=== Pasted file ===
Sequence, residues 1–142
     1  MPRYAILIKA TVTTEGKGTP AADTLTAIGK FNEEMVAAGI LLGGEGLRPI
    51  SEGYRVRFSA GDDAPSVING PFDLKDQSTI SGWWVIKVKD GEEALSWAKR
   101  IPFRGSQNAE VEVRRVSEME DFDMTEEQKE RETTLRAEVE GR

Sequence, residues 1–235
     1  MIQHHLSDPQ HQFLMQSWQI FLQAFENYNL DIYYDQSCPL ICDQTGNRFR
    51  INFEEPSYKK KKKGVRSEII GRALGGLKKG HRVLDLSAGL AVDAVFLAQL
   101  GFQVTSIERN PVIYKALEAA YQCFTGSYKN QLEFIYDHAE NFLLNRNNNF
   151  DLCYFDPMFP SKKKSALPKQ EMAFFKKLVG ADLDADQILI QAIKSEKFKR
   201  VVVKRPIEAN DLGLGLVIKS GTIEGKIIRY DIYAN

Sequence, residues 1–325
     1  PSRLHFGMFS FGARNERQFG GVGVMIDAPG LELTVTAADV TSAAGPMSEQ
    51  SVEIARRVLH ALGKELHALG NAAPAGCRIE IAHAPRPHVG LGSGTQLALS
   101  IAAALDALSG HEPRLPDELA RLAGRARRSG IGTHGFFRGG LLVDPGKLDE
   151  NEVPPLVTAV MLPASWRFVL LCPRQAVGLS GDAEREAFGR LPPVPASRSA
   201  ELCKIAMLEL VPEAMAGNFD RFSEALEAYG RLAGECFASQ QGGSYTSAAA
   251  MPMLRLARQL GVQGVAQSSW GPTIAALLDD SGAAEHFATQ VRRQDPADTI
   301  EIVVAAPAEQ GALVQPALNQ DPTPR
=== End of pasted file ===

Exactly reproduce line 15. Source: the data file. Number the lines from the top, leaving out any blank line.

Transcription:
   151  NEVPPLVTAV MLPASWRFVL LCPRQAVGLS GDAEREAFGR LPPVPASRSA